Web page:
Sweden wildlife map & highlights

Wildlife vacations in Sweden are small group trips, but often with only seven people per guide. In summer, they run in the forests and lakes just two hours’ drive from Stockholm, perfect for a short break, but winter adventures take place in Lapland. You can fly to Luleå in northern Sweden and be transferred by bus to Jokkmokk, a remote town that’s a great base for discovering wildlife. Alternatively, reduce your carbon footprint by taking the night train from Stockholm to Jokkmokk. For really wild adventures, you can be helicoptered into remote Sarek National Park, often called Europe´s last true wilderness, in the vast Laponia region, for camping and moose spotting.
Bergslagen Forest

1. Bergslagen Forest

Just two hours from Stockholm, Bergslagen Forest in Skinnskatteberg is moose central, with Sweden’s largest population found here, plus plenty of beavers and wolves, roe deer and mountain hares. Stay in a friendly guesthouse on Lake Storsjön and go on forest hikes, or take to the water on canoe and boat trips, accompanied by wildlife guides, to learn about the unique flora and fauna.

2. Jokkmokk

This small northern outpost town serves as a great base for excursions deep into the wilds of Swedish Lapland. The surrounding landscapes are incredibly beautiful, ranging from mountains and frozen lakes to ancient boreal forests and rivers. Jokkmokk is also home to a large Sámi community, and you can meet a family of reindeer herders and enjoy an evening meal in their lávvu (traditional tent).

3. Laponia

North of Jokkmokk, the Laponia area is a UNESCO World Heritage Site because of its nature and Sámi culture. In winter, stay at a Sámi tented camp and explore the forests and frozen lakes on skis or snowshoes, searching for animal tracks. In September, head to Sarek National Park for a moose spotting hiking adventure; with no access roads, you’ll need to be helicoptered in and out.
Swedish Lapland

4. Swedish Lapland

Winter wildlife vacations to Swedish Lapland steer you into the wilderness, far from Santa-spotting tourists, to see reindeer, track the moose that roam the forests and photograph the spectacular Northern Lights. Stay in a tented camp in the wilderness with the Sámi people, go dog sledding and enjoy a slower pace of life in pristine, silent landscapes – the perfect alternative Christmas or New Year break.
Skärsjön Lake

5. Skärsjön Lake

Base yourself at a back-to-nature ecolodge in the pine forests around Skärsjön Lake, with no electricity or WiFi signal to distract you from nature. Paddle Canadian canoes around the lake, track beaver and moose with an experienced wildlife guide, forage for mushrooms and berries, hike, fish and bird watch, then gather wood for the fire so you can cook outdoors.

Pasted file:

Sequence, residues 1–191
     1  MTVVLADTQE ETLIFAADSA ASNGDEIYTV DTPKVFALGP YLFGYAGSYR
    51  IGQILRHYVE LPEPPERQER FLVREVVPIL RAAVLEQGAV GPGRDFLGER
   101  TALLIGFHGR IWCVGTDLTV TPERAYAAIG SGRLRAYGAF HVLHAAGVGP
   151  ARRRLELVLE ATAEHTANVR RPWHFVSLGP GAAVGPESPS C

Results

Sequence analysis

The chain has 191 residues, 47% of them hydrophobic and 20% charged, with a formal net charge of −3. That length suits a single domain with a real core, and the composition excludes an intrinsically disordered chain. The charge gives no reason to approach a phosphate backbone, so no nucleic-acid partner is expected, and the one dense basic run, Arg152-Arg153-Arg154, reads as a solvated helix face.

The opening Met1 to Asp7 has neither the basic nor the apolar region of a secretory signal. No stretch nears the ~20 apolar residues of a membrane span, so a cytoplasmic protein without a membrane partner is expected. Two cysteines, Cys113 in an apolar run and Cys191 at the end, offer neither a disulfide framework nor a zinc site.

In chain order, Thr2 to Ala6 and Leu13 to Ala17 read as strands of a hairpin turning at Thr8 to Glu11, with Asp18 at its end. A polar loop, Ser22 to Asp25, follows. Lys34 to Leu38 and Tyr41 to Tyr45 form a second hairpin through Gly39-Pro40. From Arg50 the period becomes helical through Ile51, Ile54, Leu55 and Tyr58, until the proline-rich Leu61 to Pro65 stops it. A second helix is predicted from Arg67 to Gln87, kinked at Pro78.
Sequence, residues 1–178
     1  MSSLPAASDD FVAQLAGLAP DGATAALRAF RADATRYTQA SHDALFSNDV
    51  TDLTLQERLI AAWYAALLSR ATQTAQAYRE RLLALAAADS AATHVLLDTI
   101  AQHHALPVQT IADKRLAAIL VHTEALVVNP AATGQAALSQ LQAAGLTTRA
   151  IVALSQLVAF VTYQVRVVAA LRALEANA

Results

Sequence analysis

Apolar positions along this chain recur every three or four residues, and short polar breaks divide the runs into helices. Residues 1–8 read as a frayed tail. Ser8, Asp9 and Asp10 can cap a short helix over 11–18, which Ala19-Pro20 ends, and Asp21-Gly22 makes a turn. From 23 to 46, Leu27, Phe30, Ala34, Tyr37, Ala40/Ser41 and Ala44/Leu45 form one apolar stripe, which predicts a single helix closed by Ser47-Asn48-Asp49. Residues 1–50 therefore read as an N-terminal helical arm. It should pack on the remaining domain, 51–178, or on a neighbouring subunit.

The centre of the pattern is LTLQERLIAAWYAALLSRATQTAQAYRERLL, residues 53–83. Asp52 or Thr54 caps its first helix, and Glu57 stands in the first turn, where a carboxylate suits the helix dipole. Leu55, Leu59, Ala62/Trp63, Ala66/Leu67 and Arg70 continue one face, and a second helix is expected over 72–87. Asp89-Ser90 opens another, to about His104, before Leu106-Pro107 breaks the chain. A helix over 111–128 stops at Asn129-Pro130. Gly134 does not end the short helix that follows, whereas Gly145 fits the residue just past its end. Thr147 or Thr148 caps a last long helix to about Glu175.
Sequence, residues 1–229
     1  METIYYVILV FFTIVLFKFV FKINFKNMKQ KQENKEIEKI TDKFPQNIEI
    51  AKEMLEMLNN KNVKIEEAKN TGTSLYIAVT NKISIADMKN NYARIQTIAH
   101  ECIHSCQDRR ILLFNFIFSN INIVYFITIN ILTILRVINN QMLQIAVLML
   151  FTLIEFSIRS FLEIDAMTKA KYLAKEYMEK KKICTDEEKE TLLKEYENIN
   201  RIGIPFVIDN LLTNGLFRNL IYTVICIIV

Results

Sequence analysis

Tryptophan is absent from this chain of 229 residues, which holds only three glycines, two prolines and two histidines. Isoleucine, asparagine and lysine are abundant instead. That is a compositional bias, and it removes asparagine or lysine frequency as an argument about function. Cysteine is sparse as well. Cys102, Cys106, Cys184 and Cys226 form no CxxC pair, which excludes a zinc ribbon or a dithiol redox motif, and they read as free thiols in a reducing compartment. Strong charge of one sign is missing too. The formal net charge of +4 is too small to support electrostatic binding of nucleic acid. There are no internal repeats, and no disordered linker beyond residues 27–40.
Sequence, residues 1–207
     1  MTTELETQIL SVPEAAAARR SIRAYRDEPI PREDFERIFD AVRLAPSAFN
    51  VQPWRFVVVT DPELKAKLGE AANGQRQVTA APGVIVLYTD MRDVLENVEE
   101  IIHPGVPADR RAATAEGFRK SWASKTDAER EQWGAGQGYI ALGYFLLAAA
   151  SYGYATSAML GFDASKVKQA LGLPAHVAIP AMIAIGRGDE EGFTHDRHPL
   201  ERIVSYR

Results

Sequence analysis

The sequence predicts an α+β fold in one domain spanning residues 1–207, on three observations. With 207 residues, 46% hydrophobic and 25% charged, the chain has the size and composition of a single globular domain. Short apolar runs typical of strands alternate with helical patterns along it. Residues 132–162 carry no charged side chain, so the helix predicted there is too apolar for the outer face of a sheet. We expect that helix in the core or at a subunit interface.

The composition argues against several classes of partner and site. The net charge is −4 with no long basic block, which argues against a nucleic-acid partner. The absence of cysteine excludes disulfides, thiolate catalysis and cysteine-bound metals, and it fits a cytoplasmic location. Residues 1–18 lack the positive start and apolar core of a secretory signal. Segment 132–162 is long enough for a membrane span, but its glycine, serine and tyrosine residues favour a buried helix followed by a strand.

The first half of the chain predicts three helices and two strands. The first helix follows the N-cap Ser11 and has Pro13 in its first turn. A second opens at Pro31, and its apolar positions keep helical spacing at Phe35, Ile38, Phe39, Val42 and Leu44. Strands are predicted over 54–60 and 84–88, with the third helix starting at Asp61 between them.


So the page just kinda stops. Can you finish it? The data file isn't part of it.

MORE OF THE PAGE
Travel Team
If you'd like to chat about Sweden wildlife or need help finding a vacation to suit you we're very happy to help.

Sweden wildlife vacations advice

Marcus Eldh from our specialist vacation company, Wild Sweden, gives the lowdown on spotting wildlife in Sweden.

How and where to spot wildlife

“We focus entirely on wildlife tours to see animals like moose, beavers, wolves and bears. We always go quietly – hiking, small boats with electric engine, canoeing, photo hides. We take people to the right place at the right time to spot wildlife in their natural habitat, in a good way with great respect for the animals. Also, you don’t have to travel to the north of Sweden to spot wildlife and nice nature. For example, the best moose area is Bergslagen, just two hours from Stockholm, where there are also good numbers of wolves and beavers.”

Packing advice for summer tours

“Summers in Sweden are short and it can be chilly at night, so bring a jacket and warm hat. We often hike through the forest in the evening, when it’s below 20°C, and as the undergrowth is often damp it’s a good idea to bring waterproof shoes or boots so you don’t get wet, cold feet.”

How wildlife tours help the local community

“We are a Swedish company. We work with local guides and locally owned accommodations and restaurants. This creates jobs in rural areas and it also provides you with a much more authentic experience. We ask restaurants to cook our meals with locally produced ingredients, for example smoked wild boar or free grazing lamb along with pickled chanterelles or sweetened lingonberries. We educate our local guides to understand the various forms of interaction between humans and wildlife. There are many conflicts between humans and wildlife, but when wild animals provide income for local people, the wild animals are more likely protected. We want people to be proud of their local nature, and fight to preserve it for the future.”